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Thread: Poor man's continuous flow system

  1. #21
    Join Date
    Jan 2017
    Location
    Quaker Hill, CT
    Posts
    91

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    I'm using THIS pump from amazon. You can run the pump of a 12v battery or you can get a power supply which is what I did.

    You don't want to heat up your storage container that's just begging for any unused sap to spoil and make a mess of your tank.

    Instead of pumping warm sap back to the storage tank its better to send cold sap back to the storage tank. In the picture you can see how I put a tee fitting in and a valve to control the flow that goes back into the tank. There is another valve right before the sap goes in the pan. To set it up and adjust flow it goes like this:

    Both valves wide open
    Start pump and get flow
    Close the valve on the tee just enough that you get a solid stream of water into the pan. This should be a very small adjustment.
    Adjust flow into the pan with the valve near the pan. This valve can be anywhere from wide open to almost closed depending on how much flow you need to meet your evaporation rate. You want to make sure you have at least a steady drip going into the pan or you will overheat the sap in the coil.

    With 2 valves setup like this you have infinite control of flow of sap into your pan. From super slow trickle to max flow from the pump.


    To flush the coil with this setup I get a 5 gallon bucket of clean water ready to go. I shut off pump, then put the pump suction into the bucket of clean water. Shut the valve on the tee and open the valve going to the pan wide open. Direct the outlet of the tube away from your pans (I have a flexible piece of tubing the last 18" or so going to the pans so I can just point it onto the ground). Turn the pump on and pump the water thru the coil. After flushing open up the tee valve and let the coil drain onto the ground. You now have a clean coil that will dry out.

    I'm using push to connect fittings that I can remove from the copper when I'm done. I remove them so there is no chance of them melting.

    My copper tubing is 3/8" OD tubing 25 feet long. It could be longer but 25 feet fit the budget.
    Attached Images Attached Images
    2016 25 taps on buckets got me hooked
    2017 51 taps on 3/16 tubing and DIY oil tank evaporator

  2. #22
    Join Date
    Apr 2013
    Location
    Speyside, Canada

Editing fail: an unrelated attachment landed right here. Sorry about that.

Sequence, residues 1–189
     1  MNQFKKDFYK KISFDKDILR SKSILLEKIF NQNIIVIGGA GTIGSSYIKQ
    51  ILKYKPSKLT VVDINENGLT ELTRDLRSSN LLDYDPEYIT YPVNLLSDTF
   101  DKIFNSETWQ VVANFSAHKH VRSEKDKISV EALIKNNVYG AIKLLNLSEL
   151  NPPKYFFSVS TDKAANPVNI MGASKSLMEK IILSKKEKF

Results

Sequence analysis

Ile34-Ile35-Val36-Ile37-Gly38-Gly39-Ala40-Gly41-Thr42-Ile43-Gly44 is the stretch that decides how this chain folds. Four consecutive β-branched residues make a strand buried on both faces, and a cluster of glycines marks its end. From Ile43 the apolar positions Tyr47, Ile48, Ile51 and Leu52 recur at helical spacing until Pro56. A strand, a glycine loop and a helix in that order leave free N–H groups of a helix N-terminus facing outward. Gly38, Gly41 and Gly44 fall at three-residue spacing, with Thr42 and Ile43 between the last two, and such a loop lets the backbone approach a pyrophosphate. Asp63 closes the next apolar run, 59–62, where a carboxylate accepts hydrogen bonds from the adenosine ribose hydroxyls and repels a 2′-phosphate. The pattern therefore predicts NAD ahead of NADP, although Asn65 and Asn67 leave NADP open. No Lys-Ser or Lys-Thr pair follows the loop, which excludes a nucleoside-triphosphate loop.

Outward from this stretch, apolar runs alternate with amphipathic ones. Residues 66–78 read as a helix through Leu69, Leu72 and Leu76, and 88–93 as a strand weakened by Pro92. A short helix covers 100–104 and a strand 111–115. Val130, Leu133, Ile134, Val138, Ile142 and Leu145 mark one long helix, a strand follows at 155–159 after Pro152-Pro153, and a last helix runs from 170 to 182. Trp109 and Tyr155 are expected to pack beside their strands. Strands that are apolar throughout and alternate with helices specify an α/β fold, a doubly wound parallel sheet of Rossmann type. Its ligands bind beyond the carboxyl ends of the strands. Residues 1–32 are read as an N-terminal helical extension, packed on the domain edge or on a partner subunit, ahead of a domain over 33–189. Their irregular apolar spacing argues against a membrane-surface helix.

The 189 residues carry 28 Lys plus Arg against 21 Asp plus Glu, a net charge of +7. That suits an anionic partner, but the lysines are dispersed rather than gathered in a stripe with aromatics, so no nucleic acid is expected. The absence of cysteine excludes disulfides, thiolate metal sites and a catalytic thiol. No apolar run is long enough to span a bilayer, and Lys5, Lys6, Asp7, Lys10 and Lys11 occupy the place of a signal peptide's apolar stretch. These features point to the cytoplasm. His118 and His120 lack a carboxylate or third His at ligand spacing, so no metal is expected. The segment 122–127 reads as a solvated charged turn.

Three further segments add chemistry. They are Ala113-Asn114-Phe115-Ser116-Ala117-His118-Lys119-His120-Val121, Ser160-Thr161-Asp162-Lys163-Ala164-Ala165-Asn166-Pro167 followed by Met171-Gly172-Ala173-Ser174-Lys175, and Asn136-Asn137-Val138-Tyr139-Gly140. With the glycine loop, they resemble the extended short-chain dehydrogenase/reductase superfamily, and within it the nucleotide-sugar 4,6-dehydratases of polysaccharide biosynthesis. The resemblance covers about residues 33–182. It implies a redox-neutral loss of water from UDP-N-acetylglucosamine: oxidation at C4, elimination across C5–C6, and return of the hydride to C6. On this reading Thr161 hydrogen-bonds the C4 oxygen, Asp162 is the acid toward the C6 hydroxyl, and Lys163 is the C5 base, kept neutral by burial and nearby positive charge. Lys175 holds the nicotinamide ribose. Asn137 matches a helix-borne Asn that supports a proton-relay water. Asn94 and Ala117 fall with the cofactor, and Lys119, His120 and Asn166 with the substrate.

Posts
    67

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    Thanks for the details!

    I was only using 1/4 copper tubing before so 3/8 would probably be better at absorbing the heat and not scorching. Also, I would plan on only heating the sap I would plan on batch boiling. No risk of sap spoiling in the storage container.

    Any idea of the temp of the sap after your preheater?
    2015 - 8 buckets, 332L sap, 8.5L syrup - Barrel evaporator, 2 steam pans
    2016 - 8 buckets, 432L sap
    2017 - 10 bags, 470L sap, 9L syrup
    2018 - 20 bags

  3. #23
    Join Date
    Jan 2017
    Location
    Quaker Hill, CT
    Posts
    91

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    At medium boil rates the sap out of the preheater gets too hot to let it run on your finger. When its cranked up to full boil and there is a good stream of sap going thru the preheater it gets warm probably around 90-100. It's warm enough so it doesn't kill the boil in the pan.

    If I get a chance next boil I will work on getting some temps. So far with everything so new it's been a handful to keep an eye on everything.

    I only used 25 feet of tubing so if you need more heat you just need more tubing. Wrapping the tubing tight to the stack with the insulation also makes a big difference.

    Other details are I have an 8 inch stack and according to the magnetic temp gauge my high fire is around 500. At 500 my front two pans are solid bubbles and the middle two are violently boiling and the back is a rolling boil.
    2016 25 taps on buckets got me hooked
    2017 51 taps on 3/16 tubing and DIY oil tank evaporator

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